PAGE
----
Having started late from Iowa and suffered innumerable mishaps and miscalculations along the way, two handcart companies under the leadership of Captains Edward Martin and James G. Willie were caught in early snows near the Continental Divide in 1856. In one of the greatest tragedies in overland trail history, hundreds died of exposure and starvation before rescuers from the Salt Lake Valley brought them to this location a few miles west of Devil's Gate in early November.
11 November 1856
"Before we left Iowa my dear Mother had given birth to a son, Peter. She was naturally weak with the care of a nursing baby and five other children. Father was weak from want of food, having denied himself for us..." Read More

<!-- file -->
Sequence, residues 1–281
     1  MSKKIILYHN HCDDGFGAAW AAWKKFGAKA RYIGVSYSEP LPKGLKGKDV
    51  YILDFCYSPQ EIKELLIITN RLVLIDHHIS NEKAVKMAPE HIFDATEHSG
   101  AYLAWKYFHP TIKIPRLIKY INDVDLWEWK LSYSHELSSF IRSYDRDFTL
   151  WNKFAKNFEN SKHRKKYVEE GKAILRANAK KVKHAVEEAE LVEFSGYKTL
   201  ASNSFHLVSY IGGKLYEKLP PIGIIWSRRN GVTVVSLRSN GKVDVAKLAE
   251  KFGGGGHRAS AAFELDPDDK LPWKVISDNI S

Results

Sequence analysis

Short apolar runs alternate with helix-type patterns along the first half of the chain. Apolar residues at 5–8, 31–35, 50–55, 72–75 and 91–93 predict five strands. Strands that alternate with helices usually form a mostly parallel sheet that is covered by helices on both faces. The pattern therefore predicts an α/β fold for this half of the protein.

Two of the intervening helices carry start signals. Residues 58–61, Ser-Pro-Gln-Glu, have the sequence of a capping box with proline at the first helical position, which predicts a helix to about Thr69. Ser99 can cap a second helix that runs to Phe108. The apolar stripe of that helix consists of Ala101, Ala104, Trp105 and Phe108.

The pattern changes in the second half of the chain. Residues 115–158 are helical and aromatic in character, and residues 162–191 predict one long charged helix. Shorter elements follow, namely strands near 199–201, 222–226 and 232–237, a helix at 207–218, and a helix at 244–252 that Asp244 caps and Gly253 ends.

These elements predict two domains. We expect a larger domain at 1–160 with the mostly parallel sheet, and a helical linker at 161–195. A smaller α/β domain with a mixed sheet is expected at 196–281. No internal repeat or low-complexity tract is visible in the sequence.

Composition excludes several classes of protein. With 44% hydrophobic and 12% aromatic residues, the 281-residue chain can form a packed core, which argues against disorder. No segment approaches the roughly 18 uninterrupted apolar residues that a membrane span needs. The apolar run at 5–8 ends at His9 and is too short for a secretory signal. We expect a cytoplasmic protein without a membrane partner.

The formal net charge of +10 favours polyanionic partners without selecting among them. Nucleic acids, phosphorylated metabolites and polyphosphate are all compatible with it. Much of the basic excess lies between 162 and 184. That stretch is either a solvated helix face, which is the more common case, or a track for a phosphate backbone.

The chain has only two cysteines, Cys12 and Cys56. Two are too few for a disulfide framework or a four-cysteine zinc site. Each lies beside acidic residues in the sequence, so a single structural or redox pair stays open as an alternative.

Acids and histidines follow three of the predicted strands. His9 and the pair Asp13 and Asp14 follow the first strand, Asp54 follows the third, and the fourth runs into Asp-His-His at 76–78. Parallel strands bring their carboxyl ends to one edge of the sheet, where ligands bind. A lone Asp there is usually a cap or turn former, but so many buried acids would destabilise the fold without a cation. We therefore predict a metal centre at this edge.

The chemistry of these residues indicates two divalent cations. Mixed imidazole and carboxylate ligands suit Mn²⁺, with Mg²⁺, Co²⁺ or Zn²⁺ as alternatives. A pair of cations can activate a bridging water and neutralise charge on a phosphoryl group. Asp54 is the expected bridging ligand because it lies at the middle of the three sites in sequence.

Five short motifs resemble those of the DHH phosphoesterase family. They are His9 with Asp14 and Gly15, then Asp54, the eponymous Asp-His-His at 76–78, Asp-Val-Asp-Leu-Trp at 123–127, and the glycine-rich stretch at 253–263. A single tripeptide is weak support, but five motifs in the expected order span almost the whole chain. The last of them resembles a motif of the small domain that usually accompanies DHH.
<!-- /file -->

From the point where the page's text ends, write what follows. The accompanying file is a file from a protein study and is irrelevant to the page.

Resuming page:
Elizabeth Sermon, Martin Company
"My husband's health began to fail and his heart almost broken to see me falling in shafts. Myself and children hungry, almost naked, footsore and himself nearly done for. Many trials came after this. My oldest boy had the mountain fever, we had to haul him in the cart, there was not room in the wagon..." Read More
"The terrific storm which caused the immigrants so much suffering and loss overtook me near the South Pass, where I stopped about three days with Reddick N. Allred, who had come out with provisions for the immigrants. The storm during these three days was simply awful..." Read More
Brigham Young, Salt Lake City
"I will now give this people the subject and the text of the Elders who may speak to-day and during the conference. It is this. On the 5th day of October, 1856, many of our brethren and sisters are on the plains with handcarts, and probably many are now seven hundred miles from this place, and they must be brought here, we must send assistance to them..." Read More